This has obvious theological implications. For example, what is scripture but an exterior narrative that tells us of the within of God? Just as it is a mistake to view nature as an object, one makes the same mistake in viewing scripture only as a historical narrative of external events. Rather, those events have a within which is their true teaching. As Meister Eckhart wrote, "If you would have the kernel, you must break the shell."
It can also be argued that the figure of Jesus answers the deepest human longing to "see the face of God," and thereby know his Within most intimately. Again, the whole point of the gospels, if you are a Christian, is that their external narrative reveals the interior God. You cannot dismantle or deconstruct the gospel stories, for this would be like disassembling a human face to try to understand its expression. We see by a sort of interior light when we dwell in faith, for faith is actually foreknowledge of as yet undiscovered truths -- knowledge of approaching discoveries on the interior plane of things.
As the poet Novalis put it, "The seat of the soul is where the inner world and the outer world meet." If you are feeling boxed in by the materialistic paradigm of modernity, know that you may escape it any time through any of the infinite inscapes that both surround and abide within us. For being mirrorcles of the Absolute, we may penetrate nature only because it penetrates us in a higher realm of transcendent union.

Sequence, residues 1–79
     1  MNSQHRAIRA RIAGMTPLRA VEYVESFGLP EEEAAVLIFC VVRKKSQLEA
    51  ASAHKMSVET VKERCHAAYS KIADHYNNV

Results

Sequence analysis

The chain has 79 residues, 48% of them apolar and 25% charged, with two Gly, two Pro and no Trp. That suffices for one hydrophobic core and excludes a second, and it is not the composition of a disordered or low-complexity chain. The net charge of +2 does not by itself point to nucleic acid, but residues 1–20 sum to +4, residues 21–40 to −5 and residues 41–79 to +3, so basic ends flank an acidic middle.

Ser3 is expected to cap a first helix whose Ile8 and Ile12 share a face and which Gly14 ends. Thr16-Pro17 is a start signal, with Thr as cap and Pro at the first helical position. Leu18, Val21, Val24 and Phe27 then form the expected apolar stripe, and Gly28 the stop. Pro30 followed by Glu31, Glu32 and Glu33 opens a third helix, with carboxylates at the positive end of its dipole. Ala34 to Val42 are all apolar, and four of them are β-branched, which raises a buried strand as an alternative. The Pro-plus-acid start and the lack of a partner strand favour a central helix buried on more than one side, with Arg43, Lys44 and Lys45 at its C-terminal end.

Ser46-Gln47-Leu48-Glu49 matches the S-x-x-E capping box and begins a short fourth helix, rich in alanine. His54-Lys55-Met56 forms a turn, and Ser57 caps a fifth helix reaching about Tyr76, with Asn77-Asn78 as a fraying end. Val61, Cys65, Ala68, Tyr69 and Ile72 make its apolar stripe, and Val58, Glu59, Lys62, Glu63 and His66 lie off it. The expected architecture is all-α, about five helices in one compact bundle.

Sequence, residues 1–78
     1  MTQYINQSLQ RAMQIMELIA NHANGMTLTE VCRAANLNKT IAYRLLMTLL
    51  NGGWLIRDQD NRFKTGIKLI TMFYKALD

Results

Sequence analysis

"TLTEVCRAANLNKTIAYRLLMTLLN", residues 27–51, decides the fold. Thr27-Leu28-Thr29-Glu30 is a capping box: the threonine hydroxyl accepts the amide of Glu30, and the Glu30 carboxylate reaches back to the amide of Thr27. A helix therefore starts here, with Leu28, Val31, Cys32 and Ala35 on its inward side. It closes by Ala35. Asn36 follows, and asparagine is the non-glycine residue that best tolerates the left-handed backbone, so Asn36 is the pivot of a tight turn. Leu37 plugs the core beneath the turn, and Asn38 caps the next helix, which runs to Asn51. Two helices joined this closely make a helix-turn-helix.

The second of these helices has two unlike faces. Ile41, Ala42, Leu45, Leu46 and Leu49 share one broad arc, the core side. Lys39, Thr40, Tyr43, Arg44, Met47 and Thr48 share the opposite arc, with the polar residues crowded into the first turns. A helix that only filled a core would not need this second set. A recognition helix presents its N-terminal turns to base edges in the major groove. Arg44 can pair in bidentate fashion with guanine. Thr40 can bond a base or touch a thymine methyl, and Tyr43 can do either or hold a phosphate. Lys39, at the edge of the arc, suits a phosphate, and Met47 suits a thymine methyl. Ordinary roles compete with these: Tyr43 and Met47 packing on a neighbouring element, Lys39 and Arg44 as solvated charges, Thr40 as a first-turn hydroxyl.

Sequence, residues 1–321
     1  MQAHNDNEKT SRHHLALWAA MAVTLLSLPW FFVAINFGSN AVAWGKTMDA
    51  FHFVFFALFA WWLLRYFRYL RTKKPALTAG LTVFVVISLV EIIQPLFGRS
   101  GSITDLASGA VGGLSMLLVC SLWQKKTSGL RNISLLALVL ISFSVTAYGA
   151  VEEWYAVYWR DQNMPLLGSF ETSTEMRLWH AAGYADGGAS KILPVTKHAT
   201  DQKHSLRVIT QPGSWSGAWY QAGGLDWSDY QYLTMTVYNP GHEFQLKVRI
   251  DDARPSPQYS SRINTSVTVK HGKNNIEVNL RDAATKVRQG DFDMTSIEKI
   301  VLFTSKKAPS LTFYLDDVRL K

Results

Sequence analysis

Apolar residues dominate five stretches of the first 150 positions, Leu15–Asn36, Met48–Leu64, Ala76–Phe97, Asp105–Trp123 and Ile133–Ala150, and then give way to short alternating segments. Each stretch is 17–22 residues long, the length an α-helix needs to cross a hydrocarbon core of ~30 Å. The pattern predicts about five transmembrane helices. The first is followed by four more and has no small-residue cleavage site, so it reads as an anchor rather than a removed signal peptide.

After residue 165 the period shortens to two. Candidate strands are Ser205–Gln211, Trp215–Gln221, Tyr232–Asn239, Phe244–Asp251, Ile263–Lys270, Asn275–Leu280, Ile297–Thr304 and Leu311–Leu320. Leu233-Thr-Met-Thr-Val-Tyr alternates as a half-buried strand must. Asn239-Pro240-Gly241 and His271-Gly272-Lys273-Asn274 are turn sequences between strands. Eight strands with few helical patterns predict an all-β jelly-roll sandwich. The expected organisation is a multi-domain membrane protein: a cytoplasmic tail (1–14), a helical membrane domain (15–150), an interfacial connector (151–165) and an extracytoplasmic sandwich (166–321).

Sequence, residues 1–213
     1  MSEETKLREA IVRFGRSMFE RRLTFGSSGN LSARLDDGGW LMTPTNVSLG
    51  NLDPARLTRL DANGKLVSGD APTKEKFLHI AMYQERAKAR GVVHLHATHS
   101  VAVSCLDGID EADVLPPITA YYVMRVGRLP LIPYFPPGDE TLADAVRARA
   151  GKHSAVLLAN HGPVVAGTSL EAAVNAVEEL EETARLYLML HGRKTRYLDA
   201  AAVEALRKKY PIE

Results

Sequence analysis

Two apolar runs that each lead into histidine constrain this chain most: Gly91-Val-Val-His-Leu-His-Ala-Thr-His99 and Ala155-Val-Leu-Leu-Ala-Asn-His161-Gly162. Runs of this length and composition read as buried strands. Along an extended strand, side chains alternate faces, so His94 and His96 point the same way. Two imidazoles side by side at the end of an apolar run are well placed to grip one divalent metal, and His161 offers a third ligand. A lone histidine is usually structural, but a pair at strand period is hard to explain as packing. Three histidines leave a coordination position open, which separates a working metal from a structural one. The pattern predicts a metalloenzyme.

The sacred mountain, seat of the Gods, is not to be found in space even though it is visible and tangible....
For the man of the golden age to climb a mountain was in truth to approach the Principle; to watch a stream was to see universal Possibility at the same time as the flow of forms.
In our day to climb a mountain -- and there is no longer a mountain that is the "center of the world" -- is to "conquer" its summit; the ascent is no longer a spiritual act but a profanation. Man, in his aspect of human animal, makes himself God. The gates of Heaven, mysteriously present in nature, close before him. --F. Schuon, Spiritual Perspectives and Human Facts